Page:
Under California's parent trigger law, which applies to schools that have performed poorly for at least three years, parents can petition for change if they gather signatures of parents representing half the school's students.

Amabilia Villeda, 41, of Los Angeles, has had three children attend 24th Street Elementary and said her oldest daughter, now in eighth grade, left the school unable to read.

"The teachers at her new school started calling me because my daughter wasn't performing and she couldn't read anything," Villeda said through a Spanish translator, adding that she hoped the petition would force the district to improve the school.

In Adelanto, interim superintendent Richard Bray sounded a word of caution, saying the parent trigger petitions interrupted the district's plan to improve Desert Trails, including replacing the principal and support staff. (Reporting by Brandon Lowrey; Editing by Cynthia Johnston, Steve Gorman and Lisa Shumaker)


Parent Trigger Coming to LAUSD

by Hillel Aron in LA School Report |

January 14, 2013 LA School Report has learned that parents at 24th Street Elementary School, in concert with Parent Revolution, have been gathering signatures for a so-called “parent trigger” petition to revamp the struggling school and plan on delivering it to LAUSD offices this week.

Mayor Villaraigosa is a vocal proponent of the parent trigger, along with a handful of other big-city mayors.  Teachers unions including UTLA are deeply opposed.  It is unclear what positions LAUSD Superintendent John Deasy, the Board, and Board candidates will take on the controversial issue, or whether parents at other LAUSD schools will pursue this option.

In 2010, the California legislature passed a law, introduced by then-assembly speaker Gloria Romero (and passed by a single vote in the House and Senate), granting parents the right to replace the administration or turn the school into a charter or even simply dissolve the school and relocating the students.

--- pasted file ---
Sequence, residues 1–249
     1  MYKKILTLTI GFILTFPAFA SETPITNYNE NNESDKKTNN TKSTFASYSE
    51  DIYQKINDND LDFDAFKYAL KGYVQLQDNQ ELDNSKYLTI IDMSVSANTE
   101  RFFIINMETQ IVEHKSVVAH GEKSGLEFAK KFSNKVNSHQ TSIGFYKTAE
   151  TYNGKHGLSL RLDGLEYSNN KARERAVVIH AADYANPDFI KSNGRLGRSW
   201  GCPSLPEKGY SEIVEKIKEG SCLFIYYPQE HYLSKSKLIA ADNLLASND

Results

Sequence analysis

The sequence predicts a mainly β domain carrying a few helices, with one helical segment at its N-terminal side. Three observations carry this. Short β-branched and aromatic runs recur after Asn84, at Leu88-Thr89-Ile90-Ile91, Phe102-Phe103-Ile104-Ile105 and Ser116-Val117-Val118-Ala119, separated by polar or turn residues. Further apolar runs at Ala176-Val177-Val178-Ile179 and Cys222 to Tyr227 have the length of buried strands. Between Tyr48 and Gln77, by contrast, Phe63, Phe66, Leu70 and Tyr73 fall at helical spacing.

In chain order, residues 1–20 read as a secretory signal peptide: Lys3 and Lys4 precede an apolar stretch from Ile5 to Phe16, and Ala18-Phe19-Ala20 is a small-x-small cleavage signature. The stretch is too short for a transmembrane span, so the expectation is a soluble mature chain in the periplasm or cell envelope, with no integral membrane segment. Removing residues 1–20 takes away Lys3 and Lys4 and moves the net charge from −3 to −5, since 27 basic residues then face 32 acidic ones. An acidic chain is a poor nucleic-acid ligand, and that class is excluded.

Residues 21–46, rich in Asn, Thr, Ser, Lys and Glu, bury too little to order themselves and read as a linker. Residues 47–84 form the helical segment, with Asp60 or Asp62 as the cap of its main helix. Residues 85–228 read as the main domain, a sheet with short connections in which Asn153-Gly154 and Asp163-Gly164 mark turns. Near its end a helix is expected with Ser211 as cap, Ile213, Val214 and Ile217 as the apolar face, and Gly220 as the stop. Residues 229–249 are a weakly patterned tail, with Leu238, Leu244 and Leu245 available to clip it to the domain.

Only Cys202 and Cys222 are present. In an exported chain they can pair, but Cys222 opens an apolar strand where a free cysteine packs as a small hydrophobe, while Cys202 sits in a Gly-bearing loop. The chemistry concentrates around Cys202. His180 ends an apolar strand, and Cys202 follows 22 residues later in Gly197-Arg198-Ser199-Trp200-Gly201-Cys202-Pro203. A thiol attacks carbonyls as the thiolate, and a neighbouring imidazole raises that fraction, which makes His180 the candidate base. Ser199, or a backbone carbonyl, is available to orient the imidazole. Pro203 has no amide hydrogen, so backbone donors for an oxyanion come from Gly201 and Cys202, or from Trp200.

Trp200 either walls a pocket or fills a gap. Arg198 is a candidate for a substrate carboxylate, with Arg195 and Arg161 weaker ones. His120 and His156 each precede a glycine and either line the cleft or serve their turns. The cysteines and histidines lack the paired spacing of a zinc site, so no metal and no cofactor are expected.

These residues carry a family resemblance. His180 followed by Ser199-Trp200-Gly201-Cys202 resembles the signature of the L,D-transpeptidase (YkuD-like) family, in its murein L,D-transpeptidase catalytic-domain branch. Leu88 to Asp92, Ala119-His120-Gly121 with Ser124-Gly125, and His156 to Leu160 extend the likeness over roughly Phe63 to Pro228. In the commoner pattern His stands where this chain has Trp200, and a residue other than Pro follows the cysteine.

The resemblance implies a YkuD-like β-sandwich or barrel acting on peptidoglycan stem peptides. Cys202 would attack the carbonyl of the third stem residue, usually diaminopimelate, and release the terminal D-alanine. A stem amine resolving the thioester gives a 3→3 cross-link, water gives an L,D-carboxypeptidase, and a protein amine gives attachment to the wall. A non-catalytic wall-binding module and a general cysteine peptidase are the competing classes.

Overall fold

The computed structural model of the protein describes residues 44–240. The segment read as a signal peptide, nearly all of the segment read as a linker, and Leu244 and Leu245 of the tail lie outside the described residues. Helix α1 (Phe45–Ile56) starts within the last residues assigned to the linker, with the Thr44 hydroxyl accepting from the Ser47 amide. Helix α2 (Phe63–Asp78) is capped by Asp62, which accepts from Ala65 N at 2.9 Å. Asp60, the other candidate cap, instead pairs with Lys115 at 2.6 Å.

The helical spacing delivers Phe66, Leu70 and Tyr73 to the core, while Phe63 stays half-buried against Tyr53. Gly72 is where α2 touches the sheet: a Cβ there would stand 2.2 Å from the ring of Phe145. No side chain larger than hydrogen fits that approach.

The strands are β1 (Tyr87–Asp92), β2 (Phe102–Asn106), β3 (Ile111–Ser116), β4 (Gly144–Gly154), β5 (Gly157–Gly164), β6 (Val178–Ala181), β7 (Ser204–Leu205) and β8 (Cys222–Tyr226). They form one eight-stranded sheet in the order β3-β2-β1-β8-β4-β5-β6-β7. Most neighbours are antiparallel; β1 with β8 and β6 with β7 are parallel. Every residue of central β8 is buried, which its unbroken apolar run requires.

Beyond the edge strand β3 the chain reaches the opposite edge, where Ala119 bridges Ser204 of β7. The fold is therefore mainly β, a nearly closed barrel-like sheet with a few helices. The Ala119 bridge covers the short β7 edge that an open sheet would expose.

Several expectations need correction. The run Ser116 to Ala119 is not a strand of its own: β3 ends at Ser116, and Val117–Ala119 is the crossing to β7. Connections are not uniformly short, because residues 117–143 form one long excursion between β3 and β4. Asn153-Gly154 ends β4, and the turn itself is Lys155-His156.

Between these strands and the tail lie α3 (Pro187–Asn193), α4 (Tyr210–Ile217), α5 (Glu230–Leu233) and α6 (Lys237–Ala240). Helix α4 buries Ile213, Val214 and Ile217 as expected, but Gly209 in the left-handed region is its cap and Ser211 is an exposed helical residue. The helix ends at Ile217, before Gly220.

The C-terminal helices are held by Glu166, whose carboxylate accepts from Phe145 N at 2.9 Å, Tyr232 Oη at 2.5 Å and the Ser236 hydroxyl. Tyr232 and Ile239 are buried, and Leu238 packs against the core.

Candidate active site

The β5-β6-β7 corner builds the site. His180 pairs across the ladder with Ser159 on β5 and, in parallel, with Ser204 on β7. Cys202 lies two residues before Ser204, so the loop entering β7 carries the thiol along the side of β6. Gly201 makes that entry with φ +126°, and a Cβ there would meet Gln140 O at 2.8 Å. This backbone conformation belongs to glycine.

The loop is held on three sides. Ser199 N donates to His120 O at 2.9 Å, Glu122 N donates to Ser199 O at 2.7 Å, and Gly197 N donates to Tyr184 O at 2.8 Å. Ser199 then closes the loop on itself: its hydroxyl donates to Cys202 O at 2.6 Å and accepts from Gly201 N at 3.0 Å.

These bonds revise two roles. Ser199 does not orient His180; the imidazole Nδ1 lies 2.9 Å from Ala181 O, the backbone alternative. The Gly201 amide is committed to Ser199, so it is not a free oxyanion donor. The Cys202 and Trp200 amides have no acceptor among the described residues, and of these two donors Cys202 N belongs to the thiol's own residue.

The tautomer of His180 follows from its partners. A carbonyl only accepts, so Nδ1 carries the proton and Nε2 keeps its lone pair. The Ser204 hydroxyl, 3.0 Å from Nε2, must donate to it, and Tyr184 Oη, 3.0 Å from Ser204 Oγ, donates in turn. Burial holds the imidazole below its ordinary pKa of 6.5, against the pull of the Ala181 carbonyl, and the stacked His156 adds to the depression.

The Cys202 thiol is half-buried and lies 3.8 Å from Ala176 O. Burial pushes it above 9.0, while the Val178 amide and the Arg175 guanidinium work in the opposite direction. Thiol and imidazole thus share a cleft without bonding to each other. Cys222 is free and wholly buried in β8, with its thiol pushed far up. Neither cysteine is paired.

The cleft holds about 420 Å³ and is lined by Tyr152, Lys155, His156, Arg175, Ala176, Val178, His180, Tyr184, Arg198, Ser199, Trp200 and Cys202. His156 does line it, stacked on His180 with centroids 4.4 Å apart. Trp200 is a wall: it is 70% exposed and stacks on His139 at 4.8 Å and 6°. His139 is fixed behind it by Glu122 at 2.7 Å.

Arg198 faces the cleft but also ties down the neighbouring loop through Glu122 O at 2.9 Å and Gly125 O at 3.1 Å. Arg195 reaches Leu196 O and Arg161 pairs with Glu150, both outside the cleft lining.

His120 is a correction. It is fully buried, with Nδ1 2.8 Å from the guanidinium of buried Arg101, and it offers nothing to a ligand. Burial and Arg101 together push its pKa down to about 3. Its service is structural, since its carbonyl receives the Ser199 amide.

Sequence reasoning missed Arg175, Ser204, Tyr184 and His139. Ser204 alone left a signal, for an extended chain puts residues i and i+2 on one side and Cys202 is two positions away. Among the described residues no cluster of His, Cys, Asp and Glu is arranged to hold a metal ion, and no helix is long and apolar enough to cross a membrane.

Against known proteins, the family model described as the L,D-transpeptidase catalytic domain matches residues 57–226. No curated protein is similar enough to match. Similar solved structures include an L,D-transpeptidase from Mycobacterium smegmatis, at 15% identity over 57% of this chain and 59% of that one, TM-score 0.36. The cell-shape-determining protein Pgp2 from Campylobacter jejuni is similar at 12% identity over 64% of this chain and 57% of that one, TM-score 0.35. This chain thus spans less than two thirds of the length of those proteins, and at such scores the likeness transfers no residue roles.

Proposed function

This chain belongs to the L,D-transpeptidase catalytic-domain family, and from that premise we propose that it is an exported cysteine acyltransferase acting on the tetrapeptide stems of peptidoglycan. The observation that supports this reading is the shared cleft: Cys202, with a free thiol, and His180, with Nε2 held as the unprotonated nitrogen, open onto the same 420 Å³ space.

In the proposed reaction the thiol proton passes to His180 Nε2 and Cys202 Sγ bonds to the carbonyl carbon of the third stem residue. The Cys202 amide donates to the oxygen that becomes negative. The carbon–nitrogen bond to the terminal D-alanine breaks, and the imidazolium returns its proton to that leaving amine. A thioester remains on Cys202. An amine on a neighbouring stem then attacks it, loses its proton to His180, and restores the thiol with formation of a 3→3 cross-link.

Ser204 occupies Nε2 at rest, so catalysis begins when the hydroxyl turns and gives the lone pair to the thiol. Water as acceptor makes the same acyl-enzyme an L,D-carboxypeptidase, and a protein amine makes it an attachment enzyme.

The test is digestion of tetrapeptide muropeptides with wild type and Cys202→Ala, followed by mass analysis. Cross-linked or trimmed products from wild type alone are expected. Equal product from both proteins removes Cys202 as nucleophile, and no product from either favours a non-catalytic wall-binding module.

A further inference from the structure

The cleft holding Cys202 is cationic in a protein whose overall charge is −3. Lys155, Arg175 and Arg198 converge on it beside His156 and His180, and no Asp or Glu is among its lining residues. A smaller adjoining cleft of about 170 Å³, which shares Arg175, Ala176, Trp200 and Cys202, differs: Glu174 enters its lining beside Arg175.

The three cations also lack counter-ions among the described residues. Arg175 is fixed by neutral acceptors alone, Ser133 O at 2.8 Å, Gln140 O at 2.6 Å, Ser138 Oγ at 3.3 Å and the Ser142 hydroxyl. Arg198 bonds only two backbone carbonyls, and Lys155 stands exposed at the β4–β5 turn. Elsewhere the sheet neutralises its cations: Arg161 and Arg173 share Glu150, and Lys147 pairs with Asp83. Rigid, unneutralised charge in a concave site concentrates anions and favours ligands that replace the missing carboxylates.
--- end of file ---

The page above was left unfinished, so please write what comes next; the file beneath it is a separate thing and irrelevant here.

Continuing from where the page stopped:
The first attempt to use the trigger law was at McKinley Elementary in nearby Compton, where parents successfully gathered enough signatures only to have their effort blocked by Compton Unified. The second effort, at Desert Trails Elementary, was just last week approved by the local school board after an 18-month court battle. (see: High desert charter school first success for parent trigger law).

Parents and activists have been working since mid-November and they now believe they have signatures from at least 60% of all parents in 24th St. Elementary, located in a neighborhood sometimes called Jefferson Park. Out of 5,186 elementary schools in California, the school ranks 5,096th in standardized test scores. Among elementary schools, it has one of the highest suspension rates in the district.  (Interestingly, 24th St. Elementary is a candidate for Public Choice 4.0.)

If successful, this would be the first use of the parent trigger within LA Unified. Even though the process has never been tried in LAUSD before, the district actually passed a parent trigger law before the state did.